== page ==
the book's been a great inspiration - it's given me a great amount of jumping off points to discover my own voicings. be sure to check out what he says about possible harmonic substitutions (the minor third stuff). it's a great book, and if you have more questions about it, feel free to ask. what jazz+ says is spot on.
that sounds perfectly reasonable. i guess i was too caught up with "you have to learn everything", but of course you don't. anyway, how would you say the counterpoint voicings have affected your playing? can you improvise so that you can move inner voices etc. on tunes? how long did it take until you noticed results with counterpoint?
hepcat, could you answer my last question please? how should i go about learning counterpoint? should i write out counterpoint for a whole tune and play it through or is there an easier way?
i got solo jazz piano, the linear approach by neil olmstead.  although i've just gotten into it a little and am hampered by some left elbow tendinitis he seems to concentrate on the left hand and counterpoint.  in fact, the first words of the introduction define contrapuntal jazz improvisation.  you might want to check this out.
sorry, i didn't notice you replied.

the counterpoint voicings have affected my playing inasmuch as it's something that i do now; now that i started to focus on that, it started to be something that i hear and that comes out in my playing. i also supplemented a lot of this with transcribing bill evans' and clare fischer's approach. they are two players i greatly admire that are great at this style.

i can improvise moving inner voices on tunes, yes. i don't know how long it took me to develop it, as it's not something i focused on that concretely. mostly by fooling around and experimenting over tunes, and transcribing great players, i became better at the technique. as for if you're expecting a timeline for results, i don't know what to say.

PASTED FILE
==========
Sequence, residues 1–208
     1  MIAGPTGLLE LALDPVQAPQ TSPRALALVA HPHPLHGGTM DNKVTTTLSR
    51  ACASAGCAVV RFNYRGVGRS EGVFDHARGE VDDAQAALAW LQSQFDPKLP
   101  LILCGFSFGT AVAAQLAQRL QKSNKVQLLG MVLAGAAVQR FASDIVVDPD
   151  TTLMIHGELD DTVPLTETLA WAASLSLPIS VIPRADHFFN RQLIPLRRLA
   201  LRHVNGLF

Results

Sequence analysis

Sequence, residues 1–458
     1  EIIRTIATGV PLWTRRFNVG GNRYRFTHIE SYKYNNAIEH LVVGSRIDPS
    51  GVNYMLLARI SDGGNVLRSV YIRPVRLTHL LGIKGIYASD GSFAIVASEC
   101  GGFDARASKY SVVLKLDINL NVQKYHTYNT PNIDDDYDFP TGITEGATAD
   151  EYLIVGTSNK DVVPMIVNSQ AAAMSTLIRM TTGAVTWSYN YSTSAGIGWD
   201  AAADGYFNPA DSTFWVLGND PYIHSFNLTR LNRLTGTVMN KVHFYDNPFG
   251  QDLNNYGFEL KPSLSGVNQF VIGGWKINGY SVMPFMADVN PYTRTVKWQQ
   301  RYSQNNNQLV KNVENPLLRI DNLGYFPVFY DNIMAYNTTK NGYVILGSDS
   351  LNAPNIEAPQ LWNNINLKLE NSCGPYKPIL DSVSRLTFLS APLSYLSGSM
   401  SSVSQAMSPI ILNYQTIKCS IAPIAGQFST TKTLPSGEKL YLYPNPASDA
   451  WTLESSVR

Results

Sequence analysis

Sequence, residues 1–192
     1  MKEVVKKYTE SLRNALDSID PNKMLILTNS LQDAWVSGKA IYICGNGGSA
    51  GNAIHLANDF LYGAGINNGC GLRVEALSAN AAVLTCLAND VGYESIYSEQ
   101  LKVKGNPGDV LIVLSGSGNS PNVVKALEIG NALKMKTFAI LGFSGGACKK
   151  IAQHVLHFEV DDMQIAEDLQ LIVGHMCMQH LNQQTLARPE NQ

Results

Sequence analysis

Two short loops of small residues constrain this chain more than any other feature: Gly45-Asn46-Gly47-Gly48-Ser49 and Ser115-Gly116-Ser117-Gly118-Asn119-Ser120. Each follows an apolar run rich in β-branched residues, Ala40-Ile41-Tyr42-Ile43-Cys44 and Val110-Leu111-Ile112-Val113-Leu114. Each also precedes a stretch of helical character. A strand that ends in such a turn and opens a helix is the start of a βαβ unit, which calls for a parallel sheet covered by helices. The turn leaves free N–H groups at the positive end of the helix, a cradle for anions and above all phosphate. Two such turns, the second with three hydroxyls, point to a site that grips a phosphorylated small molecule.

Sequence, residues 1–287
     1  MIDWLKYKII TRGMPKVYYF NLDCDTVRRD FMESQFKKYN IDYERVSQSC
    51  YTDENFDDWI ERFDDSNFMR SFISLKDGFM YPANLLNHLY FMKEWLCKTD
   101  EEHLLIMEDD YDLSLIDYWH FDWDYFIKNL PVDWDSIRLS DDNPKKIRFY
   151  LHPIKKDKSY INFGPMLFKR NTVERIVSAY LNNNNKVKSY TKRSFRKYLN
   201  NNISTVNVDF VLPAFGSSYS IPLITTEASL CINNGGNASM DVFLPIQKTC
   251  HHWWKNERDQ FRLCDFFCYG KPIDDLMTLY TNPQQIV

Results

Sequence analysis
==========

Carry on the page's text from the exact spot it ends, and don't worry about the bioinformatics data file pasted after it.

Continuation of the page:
what i do know is:
playing luke's voicings in the book give you great ideas for places to start, get your hands in the habits, and show you the different tendencies of the tones at your disposal. the only way i think that a player can truly internalize everything in a practical way, however, is to take the ideas presented in the book and experiment over tunes on your own. i wouldn't write anything out, just try improvising. all 4 voices don't need to be moving at once! at first just try having the lowest voice on the root, the highest on the melody note, and the middle notes moving in smooth stepwise motion in logical ways to reach the notes of the next chord.  

remember, motion can be parallel, contrary, or one voice moving while the other sustains a note!

in short, you won't start hearing it in your playing until you've listened to it enough. transcribe clare, bill, and all the others you admire that use this technique.

and i've learned more from bach's ricercare a 3 from the musical offering than i have in almost anything else.